- Quantity: If there are a million other links on a page, the link you're going for will probably lose its value.
A lot goes into link equity, but these are a few things the search engines are looking at when deciding where to rank your site's pages.
What Is Domain Authority?
We've mentioned “authority” a few times, so let's cut to the chase and dive right into this big topic. "Domain authority" (also sometimes just referred to as "authority") is something every site has—some have more than others. It's a search engine ranking score that Moz developed. It's used to predict how likely a site will rank in the SERPs.
According to the uSERP State of Link Building report, 65% of marketers believe domain authority/domain rating is the most important metric for backlink quality. Sites with high domain authority are seen as more likely to appear at the top of search engine results pages.
In contrast, those with low domain authority will likely find themselves pages and pages back when someone searches for applicable keywords.
Factors That Influence Link Juice
Now that you understand a little more about what link juice is, you're probably wondering if there's anything you can do to enhance your site's organic standing through link juice. While algorithms are a mysterious engine that works behind the screens, there are some things for you to be aware of:
1. Nofollow links
Way back when (it actually wasn't that long ago!), digital strategists would create nofollow links for pages they didn't want to direct authority rankings. The goal was to direct available authority toward specific links. However, when Google updated its algorithm, this technique became obsolete. Now, all links are considered, but the percentage attributed to the nofollow links is wasted.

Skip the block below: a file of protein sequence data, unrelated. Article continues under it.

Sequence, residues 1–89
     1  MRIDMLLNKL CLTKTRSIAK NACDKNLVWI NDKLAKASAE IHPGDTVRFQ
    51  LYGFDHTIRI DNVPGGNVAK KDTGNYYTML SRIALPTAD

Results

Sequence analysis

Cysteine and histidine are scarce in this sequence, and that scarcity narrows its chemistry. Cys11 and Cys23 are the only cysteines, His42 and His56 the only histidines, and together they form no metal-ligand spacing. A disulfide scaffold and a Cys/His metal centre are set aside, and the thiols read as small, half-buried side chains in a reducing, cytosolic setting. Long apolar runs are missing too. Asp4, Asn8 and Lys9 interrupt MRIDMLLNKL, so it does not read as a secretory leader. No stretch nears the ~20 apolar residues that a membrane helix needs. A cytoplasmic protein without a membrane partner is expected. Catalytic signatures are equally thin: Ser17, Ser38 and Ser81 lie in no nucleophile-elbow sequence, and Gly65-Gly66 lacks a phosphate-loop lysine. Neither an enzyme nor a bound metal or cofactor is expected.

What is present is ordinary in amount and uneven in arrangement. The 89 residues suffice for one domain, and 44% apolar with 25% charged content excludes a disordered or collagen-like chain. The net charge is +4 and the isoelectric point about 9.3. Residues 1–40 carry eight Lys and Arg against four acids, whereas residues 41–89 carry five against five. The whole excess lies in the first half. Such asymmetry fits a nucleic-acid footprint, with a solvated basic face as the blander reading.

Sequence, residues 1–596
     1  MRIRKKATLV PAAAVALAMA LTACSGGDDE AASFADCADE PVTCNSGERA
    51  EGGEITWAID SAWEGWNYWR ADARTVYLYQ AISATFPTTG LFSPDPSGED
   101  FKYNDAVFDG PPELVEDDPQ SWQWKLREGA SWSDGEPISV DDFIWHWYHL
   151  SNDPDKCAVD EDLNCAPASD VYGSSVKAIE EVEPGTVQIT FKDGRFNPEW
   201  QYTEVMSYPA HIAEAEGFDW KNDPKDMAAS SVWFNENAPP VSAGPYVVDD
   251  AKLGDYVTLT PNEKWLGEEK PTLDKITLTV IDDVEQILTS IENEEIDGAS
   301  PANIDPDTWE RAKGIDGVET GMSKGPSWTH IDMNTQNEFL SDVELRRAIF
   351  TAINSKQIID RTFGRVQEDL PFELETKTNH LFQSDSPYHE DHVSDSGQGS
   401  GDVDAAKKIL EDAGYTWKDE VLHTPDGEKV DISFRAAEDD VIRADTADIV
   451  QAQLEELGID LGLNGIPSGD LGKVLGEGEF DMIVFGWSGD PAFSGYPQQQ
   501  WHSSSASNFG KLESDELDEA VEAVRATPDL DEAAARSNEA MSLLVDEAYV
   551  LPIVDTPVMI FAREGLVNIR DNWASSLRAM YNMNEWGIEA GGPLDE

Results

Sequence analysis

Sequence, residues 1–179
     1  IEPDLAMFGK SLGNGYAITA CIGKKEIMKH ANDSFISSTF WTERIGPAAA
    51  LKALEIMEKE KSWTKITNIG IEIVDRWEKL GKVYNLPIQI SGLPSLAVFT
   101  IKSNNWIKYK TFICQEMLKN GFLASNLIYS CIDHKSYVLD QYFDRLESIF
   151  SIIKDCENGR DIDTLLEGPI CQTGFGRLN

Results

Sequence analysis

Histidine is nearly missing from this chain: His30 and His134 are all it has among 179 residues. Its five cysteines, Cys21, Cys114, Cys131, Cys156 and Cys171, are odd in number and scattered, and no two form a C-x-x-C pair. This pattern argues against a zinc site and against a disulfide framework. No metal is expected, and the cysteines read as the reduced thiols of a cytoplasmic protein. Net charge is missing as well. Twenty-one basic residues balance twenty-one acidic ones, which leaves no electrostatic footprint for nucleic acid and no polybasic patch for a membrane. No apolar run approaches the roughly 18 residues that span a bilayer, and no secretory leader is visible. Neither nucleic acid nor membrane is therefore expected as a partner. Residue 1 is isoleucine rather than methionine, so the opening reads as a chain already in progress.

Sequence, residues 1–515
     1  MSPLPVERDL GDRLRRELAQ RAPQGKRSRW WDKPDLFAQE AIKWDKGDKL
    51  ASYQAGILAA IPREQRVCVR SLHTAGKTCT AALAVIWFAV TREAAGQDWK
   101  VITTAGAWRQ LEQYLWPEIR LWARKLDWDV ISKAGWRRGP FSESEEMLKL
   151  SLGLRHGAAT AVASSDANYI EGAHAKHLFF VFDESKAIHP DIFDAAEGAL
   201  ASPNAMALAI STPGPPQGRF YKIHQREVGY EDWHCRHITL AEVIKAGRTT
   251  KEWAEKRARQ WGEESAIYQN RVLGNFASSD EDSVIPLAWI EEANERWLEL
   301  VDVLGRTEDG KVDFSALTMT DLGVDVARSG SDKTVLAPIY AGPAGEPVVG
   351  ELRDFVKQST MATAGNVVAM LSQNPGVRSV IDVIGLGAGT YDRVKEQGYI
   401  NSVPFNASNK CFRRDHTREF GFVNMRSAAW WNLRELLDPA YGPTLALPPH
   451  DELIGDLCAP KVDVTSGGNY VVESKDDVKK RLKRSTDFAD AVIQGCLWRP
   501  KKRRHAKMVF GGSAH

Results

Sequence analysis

2. 404 errors
The more blogs and pages you have, the more possible it will be for you to link to a page that no longer exists, which results in a 404 page. If you delete any pages, you need to double-check to ensure you also remove any links that link back to that page. If you don't, the user will see a resulting 404 page, which is frustrating to humans, but it will also cause the search engines to view your site negatively.
3. Duplicate content
An estimated 90% of marketers use content pieces as their main way to generate more backlinks. Yet, you never want to use the same content on multiple pages on your site; your content needs to be completely original and unique across the board, without any sort of plagiarism. If your content is too similar, the search engines will consider it duplicated, meaning only one of the two pages will be chosen to showcase in the SERPs, and you won't have a say over which page gets selected. The best way to ensure your content's uniqueness is to get your content checked via a good plagiarism checker before publishing it online.
You can get backlinks from any site on the internet, which means, sometimes, you may get "credit" from an unreliable source. Usually, search engines can distinguish good sites from bad ones, but it's still up to you to check and see where your backlinks are coming from. If you happen to get a link from a site that can damage your site's reputation, use the Reject link (disavow link) in Google's tools to eliminate the unwanted follow.
Maximize Your Link Building Strategy
If you're still not sure what link juice is or how it's impacting your SEO efforts, consider working with an SEO backlink provider that can help you understand the importance of link building to your search engine rankings. As an integral part of your SEO strategy, link juice can be a great way to improve Google rankings, build brand awareness, and establish yourself as a reputable resource in your industry.